Despite its strong prospects to become a hotspot for sustainable energy, the region scored only 26%
on the Readiness Index. Experts and decision makers from the Middle East and Africa from across
the energy sector were asked to give their expert opinion on progress on 11 energy priorities. Based
on an aggregate of participants' responses, Siemens Energy and conference knowledge partner
Roland Berger launched the index which describes the perceived energy transition readiness on a
scale of 0 to 100%. The survey yielded valuable data and insights that will be used to enhance key
strategies for the energy transition in the region.
The conference participants view green hydrogen’s potential aligned with the region's capabilities –
in particular due to the availability of abundant and low-cost renewables, existing export
infrastructure and financing resources.
The report also highlighted a worrying gap between perceptions and reality when it comes to
progress on the energy transition. Conference participants on average estimated that the region's
emissions fell by 23% between 2005 and today, with only around one-third correctly identifying
that emissions have not fallen at all. In fact, emissions grew by around 50% between 2005 and
In the Middle East this increase was driven by heavy reliance on oil and gas and high standards of
living. In Africa the drivers include population growth, underdeveloped infrastructure and limited
options for financing sustainable solutions.
The region makes a relatively modest contribution to global emissions, with 7% of global CO2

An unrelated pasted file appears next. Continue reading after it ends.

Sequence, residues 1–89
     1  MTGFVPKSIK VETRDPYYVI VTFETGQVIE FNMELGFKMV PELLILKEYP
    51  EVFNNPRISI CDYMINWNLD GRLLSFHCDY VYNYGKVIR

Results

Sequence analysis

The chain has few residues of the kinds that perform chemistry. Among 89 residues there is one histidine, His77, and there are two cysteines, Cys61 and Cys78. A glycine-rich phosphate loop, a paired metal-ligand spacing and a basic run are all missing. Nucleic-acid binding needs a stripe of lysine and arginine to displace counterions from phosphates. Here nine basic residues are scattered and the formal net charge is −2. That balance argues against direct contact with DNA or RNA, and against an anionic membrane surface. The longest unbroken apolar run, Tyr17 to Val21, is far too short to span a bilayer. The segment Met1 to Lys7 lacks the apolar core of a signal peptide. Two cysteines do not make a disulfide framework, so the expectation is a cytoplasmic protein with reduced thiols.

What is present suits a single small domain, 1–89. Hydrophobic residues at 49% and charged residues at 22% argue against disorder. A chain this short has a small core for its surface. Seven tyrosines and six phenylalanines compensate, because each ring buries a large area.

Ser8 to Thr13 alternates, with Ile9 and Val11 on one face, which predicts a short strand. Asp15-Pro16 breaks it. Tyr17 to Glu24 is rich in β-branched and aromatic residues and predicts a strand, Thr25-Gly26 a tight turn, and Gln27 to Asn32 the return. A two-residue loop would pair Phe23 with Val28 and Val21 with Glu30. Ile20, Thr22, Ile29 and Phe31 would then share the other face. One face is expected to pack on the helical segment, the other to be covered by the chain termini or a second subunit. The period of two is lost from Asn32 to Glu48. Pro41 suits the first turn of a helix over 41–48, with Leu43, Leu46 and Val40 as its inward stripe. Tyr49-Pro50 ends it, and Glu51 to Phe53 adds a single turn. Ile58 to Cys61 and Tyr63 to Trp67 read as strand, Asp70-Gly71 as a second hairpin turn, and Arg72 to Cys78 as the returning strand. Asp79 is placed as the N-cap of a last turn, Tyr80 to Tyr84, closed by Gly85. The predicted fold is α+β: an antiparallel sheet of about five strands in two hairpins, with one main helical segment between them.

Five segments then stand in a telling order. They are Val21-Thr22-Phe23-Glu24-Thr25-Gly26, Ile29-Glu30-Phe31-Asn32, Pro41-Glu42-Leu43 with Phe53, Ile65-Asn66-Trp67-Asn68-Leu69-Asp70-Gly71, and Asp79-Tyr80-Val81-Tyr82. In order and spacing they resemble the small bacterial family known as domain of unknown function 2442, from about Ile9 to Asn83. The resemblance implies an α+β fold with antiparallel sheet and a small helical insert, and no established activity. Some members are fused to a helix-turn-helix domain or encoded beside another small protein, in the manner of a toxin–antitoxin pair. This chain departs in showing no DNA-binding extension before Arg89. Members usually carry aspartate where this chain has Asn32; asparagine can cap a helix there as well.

emissions stemming from the Middle East and just 4% attributable to Africa. However, it suffers
disproportionately from the consequences of climate change in the form of heatwaves and severe
The gap between perceptions and reality filtered through to participants’ expectations for future
emissions cutting. The survey found that participants were expecting emissions to fall to 39% of
their 2005 level by 2030; a widely optimistic view given the little that has been achieved so far.
“The disparity between the reality of the energy transition and perception in the Middle East and
Africa highlights the eagerness of governments and companies to portray their successes when it
comes to decarbonization,” said Karim Amin, Executive Board Member, Siemens Energy.
“This excitement is a good thing and shows that companies and governments are interested but we
need to make sure that it is backed up by real action. This should serve as a reality check. We still
have a long way to go to decarbonize our energy systems,” he added.
Participants were clear that emissions need to fall in the region across the board, not just in the
energy sector but also in areas such as construction, industry and transportation. Decarbonization
efforts must be stepped up in order for the goal of carbon neutrality by 2050 to be realistic.
The conference highlighted major opportunities in the large-scale export of green hydrogen as a
potential way forward. Green hydrogen and its derivatives were a major topic of discussion during
the conference – especially its enormous potential for the Middle East.
The United Arab Emirates has already announced its ambition to capture 25% of the global market
for hydrogen, while Saudi Arabia aims to become the world's No. 1 supplier. A total of 46 green
hydrogen projects are already underway in the Middle East and Africa, with Oman (11 projects), the
United Arab Emirates (9) and Egypt (7) leading the way.
“The Middle East can play a key role in addressing the new priorities of Europe’s energy transition,
through the export of green hydrogen and other potential mega projects focusing on crosscontinent transmission of sustainable energy” said Pierre Samaties, Partner at global management
consultancy Roland Berger.
Hydrogen could also be the key to decarbonizing the region's economies, which are currently
strongly focused on fossil fuels, and to decreasing today's reliance on income from fossil fuels,
especially in countries such as Saudi Arabia, the United Arab Emirates and Oman.
The Middle East and Africa Energy Week, held from June 27-29, 2022, is part of a series of
conferences taking place in different regions globally. During the event, 2,000+ participants actively
engaged in discussions, opinion polls and questions. They were also surveyed on the importance of
major energy priorities and the progress made towards the energy transition.